The Public's Misperception of Outsourcing Is Not the Public's Fault

ShadowyA new survey of public attitudes toward outsourcing indicates that the public does not love outsourcing. The study also suggests that the public doesn't really understand outsourcing.

The Public Perception of Outsourcing research found that more than half of the respondents associate outsourcing with job losses, and 65% think it has to do only with cost cutting. The study was done in the U.K., by the National Outsourcing Association, but it's not a stretch to assume results would be similar if done in the U.S. or Canada or Western Europe. It's not like they were asking about the Champions League matches.



Only 19% of respondents said they think outsourcing can help the country out of a recession. According to Anh Nguyen writing for ComputerworldUK, the NOA was "shocked" by the results because "public attitudes are in contrast to a Business Services Association (BSA) survey last year that showed that outsourcing contributed eight percent of the UK’s GDP, £14 billion in business taxes and £21 billion outsourcers’ income tax, the NOA said."

She also notes that 45% of the public thinks of India when they think of outsourcing. (Looks like Latin America escapes the glare of the U.K. public.)

The NOA, though, says the problem is that the people just don't know what outsourcing is. People think opening a factory in China to manufacture "trainers" (as they call running shoes in the Other English) is outsourcing. That's not outsourcing at all, the NOA says. That's captive offshoring!

A company hiring an IT services provider to handle its IT systems – now that's outsourcing. But, the NOA says, only 27% of survey respondents recognized that.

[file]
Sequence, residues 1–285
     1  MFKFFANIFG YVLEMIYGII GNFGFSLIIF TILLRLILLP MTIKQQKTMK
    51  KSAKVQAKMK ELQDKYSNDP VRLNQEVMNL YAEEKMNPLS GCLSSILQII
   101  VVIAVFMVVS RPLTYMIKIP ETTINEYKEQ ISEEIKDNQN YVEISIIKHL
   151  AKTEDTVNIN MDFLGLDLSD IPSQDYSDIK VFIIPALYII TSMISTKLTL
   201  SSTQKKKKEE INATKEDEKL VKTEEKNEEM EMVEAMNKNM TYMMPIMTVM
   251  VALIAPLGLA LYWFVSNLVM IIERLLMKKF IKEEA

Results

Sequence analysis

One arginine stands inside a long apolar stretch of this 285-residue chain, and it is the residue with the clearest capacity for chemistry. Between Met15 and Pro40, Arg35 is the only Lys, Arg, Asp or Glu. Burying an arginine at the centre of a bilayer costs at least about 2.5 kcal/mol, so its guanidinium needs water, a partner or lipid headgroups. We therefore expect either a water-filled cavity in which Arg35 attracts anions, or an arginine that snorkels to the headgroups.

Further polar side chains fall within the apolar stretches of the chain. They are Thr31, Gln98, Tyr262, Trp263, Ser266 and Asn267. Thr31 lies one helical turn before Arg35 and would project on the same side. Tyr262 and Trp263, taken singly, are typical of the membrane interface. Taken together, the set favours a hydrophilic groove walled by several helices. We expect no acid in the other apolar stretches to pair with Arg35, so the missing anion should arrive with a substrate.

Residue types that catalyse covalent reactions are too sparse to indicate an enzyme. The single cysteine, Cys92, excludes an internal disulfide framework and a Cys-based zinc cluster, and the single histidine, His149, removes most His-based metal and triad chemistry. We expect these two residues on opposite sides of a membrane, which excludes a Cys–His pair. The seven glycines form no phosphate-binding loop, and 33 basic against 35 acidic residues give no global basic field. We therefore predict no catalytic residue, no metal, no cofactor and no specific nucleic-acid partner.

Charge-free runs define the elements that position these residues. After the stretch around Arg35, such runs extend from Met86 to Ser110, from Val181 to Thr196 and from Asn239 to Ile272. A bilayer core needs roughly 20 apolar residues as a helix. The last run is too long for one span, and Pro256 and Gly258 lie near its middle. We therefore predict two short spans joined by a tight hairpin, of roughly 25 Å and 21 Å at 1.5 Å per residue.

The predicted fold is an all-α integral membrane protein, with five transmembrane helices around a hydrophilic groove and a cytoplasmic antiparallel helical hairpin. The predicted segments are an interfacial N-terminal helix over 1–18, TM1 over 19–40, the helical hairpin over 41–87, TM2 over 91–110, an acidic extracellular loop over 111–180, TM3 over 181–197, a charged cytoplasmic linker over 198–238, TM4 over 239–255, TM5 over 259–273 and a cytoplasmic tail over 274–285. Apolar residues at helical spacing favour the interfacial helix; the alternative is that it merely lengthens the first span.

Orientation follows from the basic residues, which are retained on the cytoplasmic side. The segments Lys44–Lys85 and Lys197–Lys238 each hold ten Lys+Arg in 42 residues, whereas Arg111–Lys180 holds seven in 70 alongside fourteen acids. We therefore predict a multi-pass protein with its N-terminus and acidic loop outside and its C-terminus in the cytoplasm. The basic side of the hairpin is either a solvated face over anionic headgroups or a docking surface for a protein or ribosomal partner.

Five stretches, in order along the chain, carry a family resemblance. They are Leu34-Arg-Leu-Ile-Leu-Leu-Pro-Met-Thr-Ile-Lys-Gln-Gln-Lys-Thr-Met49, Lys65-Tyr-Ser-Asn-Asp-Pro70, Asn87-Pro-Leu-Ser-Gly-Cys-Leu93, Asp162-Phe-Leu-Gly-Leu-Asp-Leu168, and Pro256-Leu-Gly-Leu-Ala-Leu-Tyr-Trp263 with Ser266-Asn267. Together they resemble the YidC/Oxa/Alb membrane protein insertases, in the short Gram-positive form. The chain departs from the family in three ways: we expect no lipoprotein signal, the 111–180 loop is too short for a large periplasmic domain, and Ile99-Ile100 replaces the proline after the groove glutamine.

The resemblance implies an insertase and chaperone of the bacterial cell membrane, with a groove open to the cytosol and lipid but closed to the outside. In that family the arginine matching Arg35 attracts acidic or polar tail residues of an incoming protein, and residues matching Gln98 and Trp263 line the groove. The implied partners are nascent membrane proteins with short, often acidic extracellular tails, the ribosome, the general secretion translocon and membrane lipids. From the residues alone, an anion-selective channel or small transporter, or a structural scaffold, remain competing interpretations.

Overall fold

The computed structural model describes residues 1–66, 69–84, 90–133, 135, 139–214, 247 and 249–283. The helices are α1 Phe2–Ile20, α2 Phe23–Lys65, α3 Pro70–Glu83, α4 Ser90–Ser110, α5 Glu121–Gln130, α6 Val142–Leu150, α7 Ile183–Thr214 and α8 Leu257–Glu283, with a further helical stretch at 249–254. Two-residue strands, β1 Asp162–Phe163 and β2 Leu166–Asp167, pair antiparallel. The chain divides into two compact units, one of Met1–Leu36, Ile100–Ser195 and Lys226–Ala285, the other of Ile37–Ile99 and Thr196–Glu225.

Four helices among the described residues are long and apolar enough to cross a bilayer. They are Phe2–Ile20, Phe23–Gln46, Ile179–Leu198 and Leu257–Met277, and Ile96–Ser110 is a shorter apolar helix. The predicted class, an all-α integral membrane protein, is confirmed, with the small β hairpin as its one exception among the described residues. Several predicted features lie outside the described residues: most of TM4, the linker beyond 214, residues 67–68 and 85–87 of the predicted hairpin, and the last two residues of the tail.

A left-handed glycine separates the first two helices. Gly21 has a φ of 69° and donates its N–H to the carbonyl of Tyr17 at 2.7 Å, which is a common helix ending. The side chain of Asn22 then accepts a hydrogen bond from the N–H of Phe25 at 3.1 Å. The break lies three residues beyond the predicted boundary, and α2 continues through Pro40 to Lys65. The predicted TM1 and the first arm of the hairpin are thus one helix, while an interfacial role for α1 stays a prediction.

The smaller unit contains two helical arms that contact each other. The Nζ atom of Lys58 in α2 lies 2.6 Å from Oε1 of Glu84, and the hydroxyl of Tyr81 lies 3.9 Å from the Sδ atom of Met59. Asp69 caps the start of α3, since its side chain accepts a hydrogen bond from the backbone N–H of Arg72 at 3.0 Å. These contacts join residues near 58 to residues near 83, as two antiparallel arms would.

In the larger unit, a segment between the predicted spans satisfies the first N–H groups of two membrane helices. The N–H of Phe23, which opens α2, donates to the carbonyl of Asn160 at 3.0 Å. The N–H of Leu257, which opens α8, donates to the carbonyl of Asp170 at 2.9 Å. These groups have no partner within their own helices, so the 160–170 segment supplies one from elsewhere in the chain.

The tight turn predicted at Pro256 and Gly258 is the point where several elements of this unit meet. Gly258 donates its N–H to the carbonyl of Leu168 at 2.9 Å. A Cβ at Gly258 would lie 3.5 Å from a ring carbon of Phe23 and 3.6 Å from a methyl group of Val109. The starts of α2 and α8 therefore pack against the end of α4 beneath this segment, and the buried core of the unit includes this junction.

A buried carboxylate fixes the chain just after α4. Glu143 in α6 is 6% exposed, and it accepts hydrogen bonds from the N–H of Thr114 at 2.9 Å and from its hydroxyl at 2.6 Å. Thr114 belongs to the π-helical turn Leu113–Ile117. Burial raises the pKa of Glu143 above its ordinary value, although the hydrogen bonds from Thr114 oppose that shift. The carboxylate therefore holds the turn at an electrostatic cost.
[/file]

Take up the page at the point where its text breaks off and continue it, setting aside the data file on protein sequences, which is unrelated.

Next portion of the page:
"The research shows that although the public is adamant that they don’t like outsourcing, for the most part, they do not properly understand what it is," an NOA official says.

And why don't they understand what it is? Could it be because many of the parties involved in outsourcing tend to act as if they're running covert operations for a secret organization? Could it be because businesses that partner with service providers clam up when you ask them about the experience? Could it be because some companies might actually feel guilty about outsourcing? Yes, it could be.

Just about anyone who covers global sourcing will complain about how hard it is to get outsourcing clients to talk about outsourcing for public consumption. Only in the past couple years have big companies admitted they use IT or BPO providers located in other countries. And it wasn't so much they admitted as they were outed. Still, when you try to get them to talk, on the record, it's like you're asking about a dark family secret, the hideous spawn chained to the stone wall in the cellar.

That's why it has been good to see the occasional story like the one about the Texas utility's "outsourcing disaster" with IBM. When things like this get out in the open, it's good for everyone (except for possibly some managers at IBM).

Maybe as "outsourcing" becomes "taking advantage of skills no matter where they're located," businesses will be more willing to talk about the problems they deal with when sourcing, and everyone can learn from each other's mistakes. If businesses have a good reason to outsource, reasonable members of the public will understand. The public just needs to understand what outsourcing really is.